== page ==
Elizabeth Williams -- U17: The 6-3 post proved during last year's USA gold medal run at the FIBA Americas U16 Championship that she would be a player who the basketball world would have to reckon with for years to come. So it should come as no surprise that Williams has been her ever-dominating self, despite an unusually slow start on Day 1 of the USA U17 trials. Her approach is that of a seasoned international veteran, surveying the landscape and taking mental notes of each trial participant's strengths and weaknesses. By the close of business on Day 2 and certainly by lunch on Day 3, Williams was showing why she was the MVP of the 2009 FIBA Americas tournament and almost certainly the starting post for the U.S. in 2010. Offensively, the Virginian has a great set of hands and possesses the ability to establish superior post position which makes her an easy target for any perimeter player looking to add to her assist total. She has the ability to drop and finish with either hand with high frequency, and possesses a great up-and-under move that leaves would-be defenders hanging in the Colorado altitude before she finishes with one of the softest touches around the glass. On the defensive side of the ledger, Williams is smart with her communication and selective with her attempts for the blocked shot. She runs the floor and finishes in transition with careful gathering of steps and never in a hurried manner. (Kelvin Powell)
USA Trial Pic of the Day
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Chris Hansen is the national director of prospects for ESPN HoopGurlz and covers girls' basketball and women's college basketball prospects nationally for ESPN.com. A graduate of the University of Washington with a communications degree, he has been involved in the women's basketball community since 1998 as a high school and club coach, trainer, evaluator and reporter. Hansen can be reached at email@example.com.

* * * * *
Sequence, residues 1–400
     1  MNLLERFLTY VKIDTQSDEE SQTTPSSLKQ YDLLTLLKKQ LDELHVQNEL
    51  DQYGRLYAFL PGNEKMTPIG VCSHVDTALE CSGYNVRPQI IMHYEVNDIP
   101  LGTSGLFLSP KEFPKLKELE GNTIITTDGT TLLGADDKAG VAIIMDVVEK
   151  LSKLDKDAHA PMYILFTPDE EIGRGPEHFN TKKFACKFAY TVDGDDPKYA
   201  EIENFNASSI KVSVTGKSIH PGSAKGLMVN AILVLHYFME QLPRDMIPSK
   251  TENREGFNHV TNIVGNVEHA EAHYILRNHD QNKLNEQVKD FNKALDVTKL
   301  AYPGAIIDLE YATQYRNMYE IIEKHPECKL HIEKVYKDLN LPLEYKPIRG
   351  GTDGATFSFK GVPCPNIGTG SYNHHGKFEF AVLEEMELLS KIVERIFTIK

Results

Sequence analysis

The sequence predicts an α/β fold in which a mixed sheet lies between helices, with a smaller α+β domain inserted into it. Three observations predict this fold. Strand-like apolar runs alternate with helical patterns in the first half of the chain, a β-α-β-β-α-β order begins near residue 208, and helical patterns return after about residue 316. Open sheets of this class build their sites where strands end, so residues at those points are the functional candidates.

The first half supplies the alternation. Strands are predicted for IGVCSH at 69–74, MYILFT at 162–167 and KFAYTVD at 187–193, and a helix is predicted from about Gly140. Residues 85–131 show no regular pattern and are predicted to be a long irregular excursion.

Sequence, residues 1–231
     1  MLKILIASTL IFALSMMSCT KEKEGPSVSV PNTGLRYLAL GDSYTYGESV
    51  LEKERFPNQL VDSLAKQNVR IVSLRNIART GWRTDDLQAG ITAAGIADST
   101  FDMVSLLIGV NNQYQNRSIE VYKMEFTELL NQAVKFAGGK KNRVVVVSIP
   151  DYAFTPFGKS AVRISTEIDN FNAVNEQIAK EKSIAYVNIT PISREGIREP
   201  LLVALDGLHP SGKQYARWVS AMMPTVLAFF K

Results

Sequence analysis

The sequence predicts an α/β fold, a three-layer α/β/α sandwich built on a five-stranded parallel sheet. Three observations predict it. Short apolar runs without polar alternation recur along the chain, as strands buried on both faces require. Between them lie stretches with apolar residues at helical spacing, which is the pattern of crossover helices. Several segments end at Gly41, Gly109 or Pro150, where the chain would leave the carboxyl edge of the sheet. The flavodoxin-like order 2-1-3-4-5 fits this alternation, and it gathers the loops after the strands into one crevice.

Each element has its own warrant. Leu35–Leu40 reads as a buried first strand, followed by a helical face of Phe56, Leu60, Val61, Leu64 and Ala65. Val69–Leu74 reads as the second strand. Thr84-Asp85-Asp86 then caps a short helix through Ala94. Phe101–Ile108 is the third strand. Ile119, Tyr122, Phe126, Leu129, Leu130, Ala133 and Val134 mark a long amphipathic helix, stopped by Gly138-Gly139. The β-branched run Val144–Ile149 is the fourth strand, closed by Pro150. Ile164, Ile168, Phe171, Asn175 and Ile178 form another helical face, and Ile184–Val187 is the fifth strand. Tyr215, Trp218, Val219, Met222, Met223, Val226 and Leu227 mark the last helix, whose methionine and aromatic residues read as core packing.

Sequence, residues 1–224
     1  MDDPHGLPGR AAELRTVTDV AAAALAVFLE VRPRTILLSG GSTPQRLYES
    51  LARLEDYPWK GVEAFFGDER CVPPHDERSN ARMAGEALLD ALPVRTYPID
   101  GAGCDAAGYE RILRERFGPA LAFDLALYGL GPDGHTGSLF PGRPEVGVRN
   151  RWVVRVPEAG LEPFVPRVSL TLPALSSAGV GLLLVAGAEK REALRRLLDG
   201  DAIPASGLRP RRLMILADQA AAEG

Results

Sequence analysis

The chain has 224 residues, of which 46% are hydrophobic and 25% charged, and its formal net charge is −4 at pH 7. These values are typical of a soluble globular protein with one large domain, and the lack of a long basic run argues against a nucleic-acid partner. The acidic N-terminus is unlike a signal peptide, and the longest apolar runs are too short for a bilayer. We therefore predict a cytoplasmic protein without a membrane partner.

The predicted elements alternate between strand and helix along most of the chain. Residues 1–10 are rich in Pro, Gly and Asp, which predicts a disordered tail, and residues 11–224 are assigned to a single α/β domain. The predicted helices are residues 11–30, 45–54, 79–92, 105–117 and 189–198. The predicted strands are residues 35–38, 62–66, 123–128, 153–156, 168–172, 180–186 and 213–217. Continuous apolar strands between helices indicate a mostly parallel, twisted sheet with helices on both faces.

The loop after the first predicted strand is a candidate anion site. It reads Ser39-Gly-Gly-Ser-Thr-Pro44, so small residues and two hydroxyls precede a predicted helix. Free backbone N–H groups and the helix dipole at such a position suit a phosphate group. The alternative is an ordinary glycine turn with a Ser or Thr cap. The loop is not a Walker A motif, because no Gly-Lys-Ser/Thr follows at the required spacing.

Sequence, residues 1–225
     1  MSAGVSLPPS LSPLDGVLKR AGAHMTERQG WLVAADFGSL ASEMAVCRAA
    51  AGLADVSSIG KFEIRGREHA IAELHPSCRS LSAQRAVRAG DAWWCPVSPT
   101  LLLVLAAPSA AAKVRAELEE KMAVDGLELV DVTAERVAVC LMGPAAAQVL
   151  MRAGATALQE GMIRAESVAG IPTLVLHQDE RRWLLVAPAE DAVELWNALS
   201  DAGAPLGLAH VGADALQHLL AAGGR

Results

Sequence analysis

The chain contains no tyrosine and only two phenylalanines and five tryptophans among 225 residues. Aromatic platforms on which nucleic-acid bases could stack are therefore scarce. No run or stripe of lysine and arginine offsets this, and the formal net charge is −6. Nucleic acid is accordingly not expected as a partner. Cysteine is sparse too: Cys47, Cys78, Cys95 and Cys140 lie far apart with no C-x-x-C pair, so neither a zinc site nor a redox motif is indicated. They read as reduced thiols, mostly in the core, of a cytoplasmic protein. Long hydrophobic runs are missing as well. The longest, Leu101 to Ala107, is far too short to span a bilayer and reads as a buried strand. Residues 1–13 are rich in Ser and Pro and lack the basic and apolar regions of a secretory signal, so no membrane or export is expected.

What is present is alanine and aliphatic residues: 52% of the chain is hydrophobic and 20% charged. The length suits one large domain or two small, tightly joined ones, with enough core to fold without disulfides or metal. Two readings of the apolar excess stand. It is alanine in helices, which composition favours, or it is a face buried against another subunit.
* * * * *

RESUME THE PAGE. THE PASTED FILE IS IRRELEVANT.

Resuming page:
Mark Lewis is the national recruiting coordinator for ESPN HoopGurlz. Twice ranked as one of the top 25 assistant coaches in the game by the Women's Basketball Coaches Association, he has more than 20 years of college coaching experience at Memphis State, Cincinnati, Arizona State, Western Kentucky and, most recently, Washington State. He can be reached at firstname.lastname@example.org.
Kelvin Powell is a national evaluator for ESPN HoopGurlz. A former coach and club-program director, he operates Roundball Journal, a leading prep scouting service, and is a contributing editor at SLAM Magazine, as well as a member of the McDonald's All-American and the Gatorade National and State Player of the Year Selection Committees. He can be reached at email@example.com.